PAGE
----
One morning on the way to school, Jenn made the mistake of asking what I thought of her makeup. The second mistake occurred that morning when I told her exactly.

“It’s too much, Jenn. It looks a little slutty.”

“Ahhhhhhhhhhh!” she screamed. “I can’t believe you just called your own daughter a slut!”

“I did no such thing,” I said. “I said your make up looks slutty.  There is a difference!  Besides, if you don’t really want to know what I think, don’t ask because I will never lie to you!”

As she continued to vehemently screech  her dissatisfaction with my response, I gently asked her, “Are you pms’ing, Jenn?”

“No, I am not!” she  bawled.  I knew immediately that she in fact was.

After that, she never asked again about her makeup, and I never offered my opinion.

Around the beginning of her junior year in high school, my daughter told me,

“You know what Mom? My English teacher told me the foundation I have been wearing is a little too dark for me. She recommended I try another one that is more the color of my complexion.  She said…”

I smiled to myself, and thought, “What have I been saying? Thank you, Miss English teacher.  I love you!”  LOL!

Here is my card today.  I felt a little autumn-ish, so I worked on a Thanksgiving card for today.  This is what I cam up with.  Hope you like it.  I LOVE these colors together.

For All Things - 3

I always look forward to your comments whether they are about what I’ve written or created, so feel free.  Until next time…

Happy Stamping!

Josie2

Another Difficult Thing (Continued)

On Wednesday (my last blog post), I began writing of the second most difficult experience I have ever had. This is Part II  of that experience.

That Christmas there was a lot to celebrate. Chris made the 6 hour drive from Roswell to Colorado Springs with another classmate to spend the holidays at home.  My mom and uncle from Ohio also visited that Christmas.  Chris and I drove to Denver International Airport one evening to pick them up.  Since I have poor night vision without my glasses, Chris agreed to drive us home.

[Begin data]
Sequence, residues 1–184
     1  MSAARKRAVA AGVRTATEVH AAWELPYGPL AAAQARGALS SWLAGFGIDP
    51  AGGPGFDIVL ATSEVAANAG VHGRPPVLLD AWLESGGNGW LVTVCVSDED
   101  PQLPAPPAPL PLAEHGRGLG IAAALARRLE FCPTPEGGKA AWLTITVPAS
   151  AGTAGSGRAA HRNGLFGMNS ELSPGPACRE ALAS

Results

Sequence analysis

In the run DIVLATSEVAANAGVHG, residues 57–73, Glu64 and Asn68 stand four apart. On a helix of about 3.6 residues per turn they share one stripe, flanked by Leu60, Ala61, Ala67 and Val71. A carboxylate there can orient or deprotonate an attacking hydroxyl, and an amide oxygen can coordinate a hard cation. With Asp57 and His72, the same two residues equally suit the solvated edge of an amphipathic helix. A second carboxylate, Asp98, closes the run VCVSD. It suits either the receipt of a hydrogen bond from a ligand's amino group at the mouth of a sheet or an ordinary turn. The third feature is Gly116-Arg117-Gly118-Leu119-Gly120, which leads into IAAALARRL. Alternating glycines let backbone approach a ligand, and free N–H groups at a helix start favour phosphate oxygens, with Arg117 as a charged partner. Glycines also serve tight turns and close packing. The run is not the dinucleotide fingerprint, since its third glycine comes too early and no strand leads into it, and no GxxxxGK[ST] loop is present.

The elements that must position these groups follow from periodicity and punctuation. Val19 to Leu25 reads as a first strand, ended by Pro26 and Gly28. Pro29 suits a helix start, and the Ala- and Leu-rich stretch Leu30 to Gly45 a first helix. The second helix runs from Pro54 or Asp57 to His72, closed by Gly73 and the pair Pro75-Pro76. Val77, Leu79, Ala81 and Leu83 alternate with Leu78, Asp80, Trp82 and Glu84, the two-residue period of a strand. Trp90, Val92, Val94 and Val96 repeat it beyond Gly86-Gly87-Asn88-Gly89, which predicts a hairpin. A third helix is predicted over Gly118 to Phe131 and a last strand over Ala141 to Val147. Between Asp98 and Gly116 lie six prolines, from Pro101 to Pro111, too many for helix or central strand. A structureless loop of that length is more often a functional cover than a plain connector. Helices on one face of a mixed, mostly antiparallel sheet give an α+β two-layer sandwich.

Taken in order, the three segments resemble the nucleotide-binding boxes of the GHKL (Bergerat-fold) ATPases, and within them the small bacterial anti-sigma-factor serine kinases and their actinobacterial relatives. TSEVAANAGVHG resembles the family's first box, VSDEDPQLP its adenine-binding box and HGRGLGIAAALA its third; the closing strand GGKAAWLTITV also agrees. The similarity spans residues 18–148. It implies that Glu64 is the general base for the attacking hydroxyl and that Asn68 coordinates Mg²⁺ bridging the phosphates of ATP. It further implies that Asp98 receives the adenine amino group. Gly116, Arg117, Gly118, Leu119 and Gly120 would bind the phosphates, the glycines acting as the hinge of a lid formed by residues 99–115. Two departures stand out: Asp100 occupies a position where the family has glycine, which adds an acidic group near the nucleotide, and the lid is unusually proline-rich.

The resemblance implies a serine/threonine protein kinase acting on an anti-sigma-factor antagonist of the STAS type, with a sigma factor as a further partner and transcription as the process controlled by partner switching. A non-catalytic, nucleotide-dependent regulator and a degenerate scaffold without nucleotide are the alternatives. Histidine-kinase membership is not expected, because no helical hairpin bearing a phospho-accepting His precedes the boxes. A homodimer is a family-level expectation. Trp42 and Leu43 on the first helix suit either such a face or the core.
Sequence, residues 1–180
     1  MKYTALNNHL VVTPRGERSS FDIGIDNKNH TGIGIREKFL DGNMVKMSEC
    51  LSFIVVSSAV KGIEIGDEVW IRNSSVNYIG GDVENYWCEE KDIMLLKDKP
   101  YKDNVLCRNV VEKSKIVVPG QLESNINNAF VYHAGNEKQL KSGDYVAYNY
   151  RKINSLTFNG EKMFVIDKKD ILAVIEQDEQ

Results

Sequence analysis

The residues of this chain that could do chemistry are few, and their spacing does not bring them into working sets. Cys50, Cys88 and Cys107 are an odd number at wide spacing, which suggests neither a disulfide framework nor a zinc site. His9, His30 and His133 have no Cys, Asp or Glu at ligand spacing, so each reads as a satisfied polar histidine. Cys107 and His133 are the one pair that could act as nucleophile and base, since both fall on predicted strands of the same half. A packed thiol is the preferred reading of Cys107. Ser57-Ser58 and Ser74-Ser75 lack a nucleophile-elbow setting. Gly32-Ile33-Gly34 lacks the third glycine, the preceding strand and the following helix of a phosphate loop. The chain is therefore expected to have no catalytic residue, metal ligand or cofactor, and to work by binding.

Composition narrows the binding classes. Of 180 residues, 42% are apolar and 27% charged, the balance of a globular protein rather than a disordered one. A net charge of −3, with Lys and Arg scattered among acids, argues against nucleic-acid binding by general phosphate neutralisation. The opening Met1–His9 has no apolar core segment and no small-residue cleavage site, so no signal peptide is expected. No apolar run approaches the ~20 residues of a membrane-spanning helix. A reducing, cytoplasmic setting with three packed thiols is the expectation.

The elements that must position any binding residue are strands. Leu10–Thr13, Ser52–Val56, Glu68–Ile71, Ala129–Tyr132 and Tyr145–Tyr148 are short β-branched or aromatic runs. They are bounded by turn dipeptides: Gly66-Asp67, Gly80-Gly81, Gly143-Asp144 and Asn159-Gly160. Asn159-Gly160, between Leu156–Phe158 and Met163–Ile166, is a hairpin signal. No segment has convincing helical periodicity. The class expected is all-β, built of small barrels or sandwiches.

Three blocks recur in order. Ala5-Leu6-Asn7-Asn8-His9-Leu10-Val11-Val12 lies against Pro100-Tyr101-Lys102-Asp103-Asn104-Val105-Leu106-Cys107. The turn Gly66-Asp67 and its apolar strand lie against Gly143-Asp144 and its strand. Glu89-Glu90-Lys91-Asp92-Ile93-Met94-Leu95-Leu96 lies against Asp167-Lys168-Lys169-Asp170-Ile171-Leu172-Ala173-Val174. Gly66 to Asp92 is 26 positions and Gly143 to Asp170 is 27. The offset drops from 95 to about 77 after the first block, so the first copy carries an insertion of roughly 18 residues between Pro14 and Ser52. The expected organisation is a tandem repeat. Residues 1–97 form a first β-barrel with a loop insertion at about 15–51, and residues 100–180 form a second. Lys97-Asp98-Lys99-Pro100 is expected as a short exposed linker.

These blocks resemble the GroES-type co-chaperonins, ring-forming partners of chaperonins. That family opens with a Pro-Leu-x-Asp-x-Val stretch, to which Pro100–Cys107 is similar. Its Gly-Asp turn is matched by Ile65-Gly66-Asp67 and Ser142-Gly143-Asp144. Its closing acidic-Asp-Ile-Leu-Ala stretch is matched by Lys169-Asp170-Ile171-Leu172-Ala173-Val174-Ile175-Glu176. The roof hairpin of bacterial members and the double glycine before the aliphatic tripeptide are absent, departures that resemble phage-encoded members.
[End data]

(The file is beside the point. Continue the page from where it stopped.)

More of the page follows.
As we were barreling down I-25 at 75 miles per hour and conversing with my mother and uncle, I glanced over at Chris. I noticed his eyes were wide as his head turned from me to the road in front of him.  He looked like he had just seen a ghost.  His lips smacked, and his fingers on each hand extended with the palms of his hands in contact with the steering wheel.

“Chris? What’s wrong?”  I asked.  My heart was in my throat.

All he could manage was to look from me to the road in front of him.

Again, I asked, “Chris? Are you okay?”

No response, but again his head turned as if looking at the road and then me.

After a few seconds the event subsided. “What in the hell was that?” I asked.  “Are you all right?  Do you need me to drive? You looked like you saw something scary!”

“I’m fine,” was all he said.

It happened a few times again after that. Before he went back to school after the holidays, we had him checked out at the Air Force Academy hospital.

What we described to the doctors resembled Absence Seizures. Absence Seizures usually occur in young children.  Chris was about to turn 21.  According to epilepsy.com website, absence seizures are “lapses in awareness, sometimes with staring.  They begin and end abruptly, and usually are so unnoticeable they can go undetected for months.”

The website also says there are two types of absence seizures. Directly from the website, these two types are:

“Simple absence seizures: During a simple absence seizure, a person usually just stares into space for less than 10 seconds. Because they happen so quickly, it’s very easy not to notice simple absence seizures — or to confuse them with daydreaming or not paying attention.

Complex absence seizures: During a complex absence seizure, a person will make some kind of movement in addition to staring into space. Movements may include blinking, chewing, or hand gestures. A complex absence seizure can last up to 20 seconds.”